Danske Bank Fires Star Executive Who Overcharged Retail Clients
(Bloomberg) -- Denmark’s biggest bank, already struggling to recover from a money-laundering scandal, fired the man who until last month was interim CEO because some clients paid too much for an investment product.
Danske Bank A/S said Monday that it had dismissed Jesper Nielsen, head of banking in Denmark, after it emerged that tens of thousands of domestic customers were improperly charged. The lender now owes them a total of 400 million kroner ($61 million) in compensation.
Nielsen, 50, ran the bank as interim CEO following the $230 billion dirty-money debacle and was tipped as a potential permanent leader before Danske picked Chris Vogelzang, a former ABN Amro banker, for the top job. The bank’s shares have plunged 60% since early 2018, as the laundering affair unfolded, and fell as much as 2.7% after Monday’s announcement.
Nielsen “did not to a sufficient degree ensure that the Flexinvest Fri product was suitable for the bank’s customers,” Chairman Karsten Dybvad said in a statement. “Therefore, we find that Jesper cannot continue in his position.”
Danske fired CEO Thomas Borgen in October over the laundering scandal and Nielsen had acted as interim CEO until June. Nielsen, a Danish national, had been with Danske since 1996.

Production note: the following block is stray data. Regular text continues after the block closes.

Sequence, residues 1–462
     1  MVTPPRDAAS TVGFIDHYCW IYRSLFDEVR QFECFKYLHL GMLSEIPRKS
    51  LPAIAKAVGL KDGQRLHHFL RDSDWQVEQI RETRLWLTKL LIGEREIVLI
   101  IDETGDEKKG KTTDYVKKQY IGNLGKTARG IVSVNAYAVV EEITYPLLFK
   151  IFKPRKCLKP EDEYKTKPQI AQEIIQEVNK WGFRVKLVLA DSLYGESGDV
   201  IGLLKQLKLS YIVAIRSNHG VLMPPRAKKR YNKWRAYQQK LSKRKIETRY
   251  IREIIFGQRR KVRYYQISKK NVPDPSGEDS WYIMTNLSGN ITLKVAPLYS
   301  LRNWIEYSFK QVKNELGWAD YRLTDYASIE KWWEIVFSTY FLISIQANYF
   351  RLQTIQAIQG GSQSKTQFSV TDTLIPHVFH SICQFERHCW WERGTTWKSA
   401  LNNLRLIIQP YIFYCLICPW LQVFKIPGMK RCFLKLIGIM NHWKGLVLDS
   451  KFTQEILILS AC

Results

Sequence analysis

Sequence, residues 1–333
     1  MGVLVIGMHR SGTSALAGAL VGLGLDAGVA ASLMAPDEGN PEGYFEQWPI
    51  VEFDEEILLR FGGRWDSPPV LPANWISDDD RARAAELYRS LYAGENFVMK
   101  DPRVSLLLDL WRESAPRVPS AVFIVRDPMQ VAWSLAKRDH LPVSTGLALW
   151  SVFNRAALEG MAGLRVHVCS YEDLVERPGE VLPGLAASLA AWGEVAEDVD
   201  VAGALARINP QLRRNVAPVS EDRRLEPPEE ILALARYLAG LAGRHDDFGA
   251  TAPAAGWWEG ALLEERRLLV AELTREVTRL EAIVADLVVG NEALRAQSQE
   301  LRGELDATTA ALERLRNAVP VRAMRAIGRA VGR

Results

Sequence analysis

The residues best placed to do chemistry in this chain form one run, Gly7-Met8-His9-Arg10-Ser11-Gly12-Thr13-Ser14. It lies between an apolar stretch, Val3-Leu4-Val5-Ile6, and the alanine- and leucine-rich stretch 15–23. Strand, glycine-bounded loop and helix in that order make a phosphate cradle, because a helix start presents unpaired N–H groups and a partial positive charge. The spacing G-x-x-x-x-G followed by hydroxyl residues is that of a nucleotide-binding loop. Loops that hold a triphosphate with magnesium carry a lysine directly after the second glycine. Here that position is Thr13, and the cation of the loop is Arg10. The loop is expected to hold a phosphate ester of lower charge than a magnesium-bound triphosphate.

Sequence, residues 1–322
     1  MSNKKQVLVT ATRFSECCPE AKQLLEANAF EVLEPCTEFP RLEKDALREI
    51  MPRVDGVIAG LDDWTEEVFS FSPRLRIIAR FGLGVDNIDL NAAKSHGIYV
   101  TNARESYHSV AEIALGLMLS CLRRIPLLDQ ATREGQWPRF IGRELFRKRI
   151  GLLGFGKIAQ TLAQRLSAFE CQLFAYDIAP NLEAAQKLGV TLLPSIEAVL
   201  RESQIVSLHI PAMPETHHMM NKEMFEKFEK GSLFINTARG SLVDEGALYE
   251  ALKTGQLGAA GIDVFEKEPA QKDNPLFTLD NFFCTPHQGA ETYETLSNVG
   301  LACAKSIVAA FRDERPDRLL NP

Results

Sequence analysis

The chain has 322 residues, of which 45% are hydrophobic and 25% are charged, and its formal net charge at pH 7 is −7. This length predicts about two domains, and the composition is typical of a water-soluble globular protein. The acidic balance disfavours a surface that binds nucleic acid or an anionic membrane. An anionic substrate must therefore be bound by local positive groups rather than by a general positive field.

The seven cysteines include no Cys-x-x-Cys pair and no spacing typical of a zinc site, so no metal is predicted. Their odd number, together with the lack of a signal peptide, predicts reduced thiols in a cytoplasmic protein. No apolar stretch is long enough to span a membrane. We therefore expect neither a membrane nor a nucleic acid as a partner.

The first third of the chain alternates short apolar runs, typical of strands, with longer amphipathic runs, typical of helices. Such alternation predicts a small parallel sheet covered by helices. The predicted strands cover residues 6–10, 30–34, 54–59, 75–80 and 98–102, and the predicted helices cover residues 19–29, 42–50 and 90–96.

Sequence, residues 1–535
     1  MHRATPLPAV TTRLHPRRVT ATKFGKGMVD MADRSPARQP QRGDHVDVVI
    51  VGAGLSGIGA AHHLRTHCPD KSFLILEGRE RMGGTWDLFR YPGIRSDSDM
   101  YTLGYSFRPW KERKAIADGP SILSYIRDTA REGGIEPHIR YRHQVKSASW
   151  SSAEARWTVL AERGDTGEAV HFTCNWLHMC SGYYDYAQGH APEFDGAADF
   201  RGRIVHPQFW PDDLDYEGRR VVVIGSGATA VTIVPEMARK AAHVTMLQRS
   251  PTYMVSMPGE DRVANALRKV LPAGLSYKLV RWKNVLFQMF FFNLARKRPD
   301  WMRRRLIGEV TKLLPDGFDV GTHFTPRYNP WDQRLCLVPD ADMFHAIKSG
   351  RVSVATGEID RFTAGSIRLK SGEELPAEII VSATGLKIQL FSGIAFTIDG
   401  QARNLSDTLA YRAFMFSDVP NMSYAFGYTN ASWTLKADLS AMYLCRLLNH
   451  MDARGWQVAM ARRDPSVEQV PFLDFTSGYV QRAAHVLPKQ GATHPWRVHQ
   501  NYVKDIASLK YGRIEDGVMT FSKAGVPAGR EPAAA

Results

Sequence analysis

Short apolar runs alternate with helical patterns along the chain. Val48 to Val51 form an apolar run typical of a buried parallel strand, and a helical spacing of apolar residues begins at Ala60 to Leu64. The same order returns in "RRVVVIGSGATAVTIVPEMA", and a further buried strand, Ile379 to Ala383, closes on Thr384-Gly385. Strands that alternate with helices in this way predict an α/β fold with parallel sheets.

Vogelzang apologized to clients in a statement. “Misguided management decisions” meant that Danske didn’t give customers “proper advice,” he said. “We will take all the steps necessary to prevent something similar from happening again in future.”
Danske said that 87,000 customers were overcharged during the implementation of new MiFID II regulation in 2017. The bank said the fees were too high compared with expected returns in a low-interest environment, making the product “unsuitable for some customers.”
While Danske searches for a replacement for Nielsen, Glenn Soederholm, who’s head of banking in the other four Nordic countries, will take over the Danish banking division.
Danske said it had informed the Danish Financial Supervisory Authority, which is looking into the matter. “We expect to receive justified and severe criticism from the FSA,” Danske said.
Danske said it was made aware of the issue through an employee’s report in September. The lender was criticized for not taking internal whistle-blower reports seriously during the nine years through 2015, when its Baltic operations were allegedly used to launder Russian money.
(Adds details on Nielsen’s background.)
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